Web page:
I want to say that the reeling is over. But it’s not. There are days that spin so aggressively, I grip the ledges of my life until my bones ache. Those days are fewer and farther between thanks to my willingness to narrate, in my own words and on my own terms, the story of assault in all its forms—from the embodied trauma I still experience, to the reactions of others who get caught in a moment of my reeling, to ways I still feel vulnerable in a world where I am not (as a woman and traumatized individual) at the top of the sexual food chain.
None of this has been easy to explore or narrate. I’ve wanted to quit many times and, only a few months ago, seriously considered burning the box of books I will soon receive from PANK (my publisher) because still life is twenty-one poems all beginning “my pedophile.” What on earth was I thinking?!! Why give so much artistic attention to this disgusting act and then offer this very personally painful history to an entire world of readers?!! Yes, I was seriously considering dousing the cardboard in gasoline, lighting a match (drop), changing my identity, and letting this whole history of trauma go up in the flames.
But, that’s not really how a history happens. History is chronicled, remembered, and known no matter how much we wish to run from its traumas and shames. My veins, my DNA, carry the imprint of a this past. In running, it only comes with me. And trying to gain any sort of personal power over that shame through dismissal, defenses, or escape does nothing to alter its existence. It’s still there. The small huddled eight-year-old of my body is part of me and she needs me every time her system goes on high-alert or the grief initiates another soul shattering. “The truth is,” says Engle, “one cannot be truly empowered until the shame is brought out, examined, and healed by compassion.”
Even as I read the word “healed” I cringe a little, though I know what Engle means. You can’t suture a broken bird egg. The pieces cupped in the hand cannot be restored to their original state. Things have changed. The eight-year old is harmed; she cannot be unharmed.
But she can be loved.
The shell shards in my poem are beautiful, a fragile memorial to a winged-life attempted, and they can be honored for what they are as they are. They can be placed in a glass jar and set on a shelf for observance. They could even be dusted off with a fine brush, maybe polished and arranged—appreciated.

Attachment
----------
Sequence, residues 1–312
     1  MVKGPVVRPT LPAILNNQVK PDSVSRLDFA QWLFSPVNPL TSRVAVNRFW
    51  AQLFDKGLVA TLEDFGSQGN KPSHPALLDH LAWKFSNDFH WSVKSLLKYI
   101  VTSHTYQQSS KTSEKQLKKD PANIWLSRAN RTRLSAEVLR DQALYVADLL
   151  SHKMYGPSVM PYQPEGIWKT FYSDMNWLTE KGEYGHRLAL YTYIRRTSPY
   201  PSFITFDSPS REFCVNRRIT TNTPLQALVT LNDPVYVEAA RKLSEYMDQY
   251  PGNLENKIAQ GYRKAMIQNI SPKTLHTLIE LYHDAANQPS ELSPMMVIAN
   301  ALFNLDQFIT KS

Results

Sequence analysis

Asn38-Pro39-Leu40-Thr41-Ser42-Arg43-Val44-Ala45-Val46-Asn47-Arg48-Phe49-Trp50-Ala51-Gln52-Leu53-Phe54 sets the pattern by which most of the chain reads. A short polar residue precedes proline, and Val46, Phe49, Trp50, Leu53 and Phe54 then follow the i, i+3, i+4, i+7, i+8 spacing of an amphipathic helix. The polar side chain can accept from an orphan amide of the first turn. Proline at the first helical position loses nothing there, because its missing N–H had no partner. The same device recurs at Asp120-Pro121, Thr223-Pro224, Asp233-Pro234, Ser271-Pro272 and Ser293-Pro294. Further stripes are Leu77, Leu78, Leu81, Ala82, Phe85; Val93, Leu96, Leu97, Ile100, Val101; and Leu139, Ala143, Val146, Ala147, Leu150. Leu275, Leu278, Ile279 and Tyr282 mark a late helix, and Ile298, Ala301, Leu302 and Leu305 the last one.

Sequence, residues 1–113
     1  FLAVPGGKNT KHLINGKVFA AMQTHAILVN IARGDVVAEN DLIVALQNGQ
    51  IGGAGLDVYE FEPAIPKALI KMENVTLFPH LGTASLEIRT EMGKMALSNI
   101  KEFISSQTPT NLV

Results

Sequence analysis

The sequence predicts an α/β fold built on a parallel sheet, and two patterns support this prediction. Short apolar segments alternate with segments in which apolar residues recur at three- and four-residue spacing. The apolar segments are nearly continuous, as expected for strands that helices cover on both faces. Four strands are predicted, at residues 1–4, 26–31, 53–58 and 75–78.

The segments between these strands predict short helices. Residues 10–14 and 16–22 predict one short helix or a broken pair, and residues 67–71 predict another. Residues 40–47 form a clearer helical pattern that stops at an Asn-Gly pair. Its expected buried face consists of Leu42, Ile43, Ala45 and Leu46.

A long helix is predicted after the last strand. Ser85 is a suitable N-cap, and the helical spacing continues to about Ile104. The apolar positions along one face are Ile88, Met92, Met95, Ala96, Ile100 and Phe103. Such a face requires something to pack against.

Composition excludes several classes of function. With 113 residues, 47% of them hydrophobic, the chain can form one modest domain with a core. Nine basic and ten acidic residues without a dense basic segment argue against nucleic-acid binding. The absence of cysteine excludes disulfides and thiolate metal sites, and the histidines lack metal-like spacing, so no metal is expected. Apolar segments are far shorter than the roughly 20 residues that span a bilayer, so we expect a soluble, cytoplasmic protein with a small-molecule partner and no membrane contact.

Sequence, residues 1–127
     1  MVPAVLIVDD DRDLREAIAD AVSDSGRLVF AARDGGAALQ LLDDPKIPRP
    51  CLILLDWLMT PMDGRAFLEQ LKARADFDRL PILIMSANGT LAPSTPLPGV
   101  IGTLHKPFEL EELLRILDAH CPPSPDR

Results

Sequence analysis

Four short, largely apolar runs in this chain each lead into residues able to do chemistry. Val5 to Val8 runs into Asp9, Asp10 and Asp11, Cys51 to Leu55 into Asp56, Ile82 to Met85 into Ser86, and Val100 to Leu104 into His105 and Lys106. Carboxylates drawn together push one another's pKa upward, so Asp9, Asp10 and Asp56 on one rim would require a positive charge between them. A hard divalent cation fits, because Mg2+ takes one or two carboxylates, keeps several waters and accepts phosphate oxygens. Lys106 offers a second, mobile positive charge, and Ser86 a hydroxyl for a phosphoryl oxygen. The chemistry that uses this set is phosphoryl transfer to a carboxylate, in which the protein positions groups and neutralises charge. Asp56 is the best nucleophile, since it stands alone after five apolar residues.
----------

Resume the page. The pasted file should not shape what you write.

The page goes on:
I am a woman with PTSD still learning to cope with physiological stressors and emotional pain from assault. I have looked at, even lingered, in the dark corners of my mind to see, gain knowledge, be present, and then to testify to what I found there and eventually profess those findings. My exploration, however, has no value unless I can offer a compassionate response to and about what I have witnessed. I am happy to say I can.
After all, what is a broken eggshell or a small child huddled and frightened in the corner of a room? Life. They are both a part of the living world. And in the dark places I have searched, I have always found life. Broken, shaken, unmoving perhaps—but evidence of aliveness all the same.
The war veteran sitting across from me that cold January evening was shaking too. Soft spoken and bright he told me a bit about his experiences and how little others understand PTSD. Few words were exchanged between us—instead, we shared a knowing. We bore witness to common trauma while the people around us gathered in more jovial conversation. The eggshells in our hands were trembling ever so slightly and, together, we observed their delicate edges where torn and the perfect roundness of some of their intact pieces. No need to label or fix this moment. It was beautiful. The shattering of our mutual existences, a few vulnerable minutes acknowledging our pasts, together honoring all of it.
This is the first of a series of blogs I will write on assault, trauma, and compassionate self-witness, as well as the hope that comes from taking the time to sit with ourselves in the dark. After all, as Martin Luther King once said so brilliantly, “But I know, somehow, that only when it is dark enough can you see the stars.” In our darkness, the hope of gentle light.
Order still life from PANK Press in October of 2020 HERE.